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 (ĕk′yə-mĕn′ĭ-kəl) also ec·u·men·ic (-mĕn′ĭk)
1. Of worldwide scope or applicability; universal.
a. Of or relating to the worldwide Christian church.
b. Concerned with establishing or promoting unity among churches or religions.

[From Late Latin oecūmenicus, from Greek oikoumenikos, from (hē) oikoumenē (gē), (the) inhabited (world), feminine present passive participle of oikein, to inhabit, from oikos, house; see weik- in Indo-European roots.]

ec′u·men′i·cal n.
ec′u·men′i·cal·ism n.
ec′u·men′i·cal·ly adv.


adv (form)ökumenisch; (introducing a sentence) → vom ökumenischen Standpunkt aus
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References in periodicals archive ?
Wickeri and Marina True's selection of "Feli's" articles and speeches captures very well my impression of him in several encounters: as a modest, pragmatic, deeply theological, and ecumenically and politically engaged personality.
That council, in part, was meant to modernize the Church, opening it up to the world through deeper dialogue and partnership, ecumenically in terms of other Christians, and those of other or no faiths.
The congregation initiated and now runs ecumenically a full summer day camp called Footprints (footprintssummerdaycamp.
Could it be that Kung's lifelong efforts to encourage constructive and ecumenically oriented reforms in the Catholic Church are finally getting the serious attention they merit?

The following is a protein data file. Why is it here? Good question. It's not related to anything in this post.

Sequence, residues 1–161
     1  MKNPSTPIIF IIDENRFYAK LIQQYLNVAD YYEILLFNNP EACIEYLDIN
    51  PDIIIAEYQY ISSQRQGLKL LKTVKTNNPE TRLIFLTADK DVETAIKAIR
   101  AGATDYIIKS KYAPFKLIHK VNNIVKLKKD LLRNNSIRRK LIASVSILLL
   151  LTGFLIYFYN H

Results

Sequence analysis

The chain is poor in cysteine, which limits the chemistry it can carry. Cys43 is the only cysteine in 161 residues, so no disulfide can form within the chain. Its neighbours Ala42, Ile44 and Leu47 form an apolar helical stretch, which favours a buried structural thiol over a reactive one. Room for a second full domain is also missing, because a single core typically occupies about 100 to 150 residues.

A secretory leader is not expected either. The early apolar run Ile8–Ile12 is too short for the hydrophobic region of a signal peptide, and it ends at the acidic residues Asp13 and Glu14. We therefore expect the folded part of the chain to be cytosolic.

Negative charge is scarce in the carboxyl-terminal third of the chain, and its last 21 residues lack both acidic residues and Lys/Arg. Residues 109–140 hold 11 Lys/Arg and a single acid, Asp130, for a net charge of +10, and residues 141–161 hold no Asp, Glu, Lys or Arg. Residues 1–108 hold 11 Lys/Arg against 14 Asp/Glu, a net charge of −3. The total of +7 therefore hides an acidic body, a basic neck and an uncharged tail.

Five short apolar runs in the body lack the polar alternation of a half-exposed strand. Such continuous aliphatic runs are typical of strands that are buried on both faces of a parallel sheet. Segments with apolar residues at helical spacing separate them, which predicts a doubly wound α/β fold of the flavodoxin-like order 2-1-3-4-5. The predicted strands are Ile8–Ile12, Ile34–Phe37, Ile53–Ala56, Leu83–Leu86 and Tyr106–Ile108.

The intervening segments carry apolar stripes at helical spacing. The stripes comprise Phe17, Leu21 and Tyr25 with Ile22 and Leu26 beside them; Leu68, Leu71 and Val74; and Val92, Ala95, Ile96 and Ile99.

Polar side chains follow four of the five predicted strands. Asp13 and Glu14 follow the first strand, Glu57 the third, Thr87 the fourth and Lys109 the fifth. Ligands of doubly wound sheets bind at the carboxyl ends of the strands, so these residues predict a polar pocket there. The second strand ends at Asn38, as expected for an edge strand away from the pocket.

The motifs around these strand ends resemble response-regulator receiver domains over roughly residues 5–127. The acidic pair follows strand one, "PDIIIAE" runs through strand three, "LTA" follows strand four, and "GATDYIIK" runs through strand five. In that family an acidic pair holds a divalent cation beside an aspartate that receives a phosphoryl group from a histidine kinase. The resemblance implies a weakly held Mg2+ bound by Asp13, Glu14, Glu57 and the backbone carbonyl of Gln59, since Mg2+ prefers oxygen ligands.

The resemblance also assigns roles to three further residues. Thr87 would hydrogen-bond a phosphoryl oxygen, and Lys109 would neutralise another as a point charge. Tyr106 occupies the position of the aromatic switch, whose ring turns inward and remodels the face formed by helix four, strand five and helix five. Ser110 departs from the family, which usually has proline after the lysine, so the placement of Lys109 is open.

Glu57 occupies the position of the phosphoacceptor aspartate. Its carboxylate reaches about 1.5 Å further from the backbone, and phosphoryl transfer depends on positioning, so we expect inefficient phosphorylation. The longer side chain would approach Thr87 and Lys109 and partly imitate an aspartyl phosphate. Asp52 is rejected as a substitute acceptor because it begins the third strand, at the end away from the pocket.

He also notes how the cognate terms "deaconate" and "deacon" advanced in the 1960s from relative obscurity to feature prominently in the leading, ecumenically agreed-upon statement on Christian ministry, namely, the 1982 World Council of Churches document Baptism, Eucharist, and Ministry that described the church's ministry as "threefold," comprising bishops, presbyters, and deacons.
The Church: Towards a Common Vision (TCTCV) (1) is an ecumenically sensitive document that attempts to reflect the great diversity of beliefs and practices of the member churches of the World Council of Churches (WCC).
Themes that Kinnamon returns to often are the tension between "cheap unity" (59) and "passionate disagreement--without breaking fellowship" (61), the value of diversity (84), the need to actualize within the churches the substantive agreements already reached (44), the role of the laity and local congregations (154), the failure of evangelicals and postdenominational churches to engage ecumenically (129), the need for ecumenical formation (134), and the severe financial constraints facing ecumenical structures (126).
Rev Elisheva said: "We hope to get to know people in the villages and engage in village activities as well as taking services in the five churches and relating ecumenically to the other denominations in the villages.
What I wish to do here is to give my impressions of what might be called "creeping (or leaping) Protestantizing" in the One True Faith (or the more ecumenically correct "Fullness of the Faith").
The author's strongly voiced frustrations tend to be just, and his praise for liberal religious practice, if sometimes faint, makes the project ecumenically advantageous.
However, through Renate Wind's compassionate, truthful telling, we truly begin to know the woman who at the age of twelve in 1941 had nor vet felt the terrors of the War in the affluent suburbs of Cologne and who at seventy was celebrated ecumenically and globally as theologian, poet, and activist for peace and justice.
All of which is to say that coming together ecumenically (and I hope someday in an interfaith way) can be an important means of being faithful to our individual traditions as well as to the one Lord we all serve.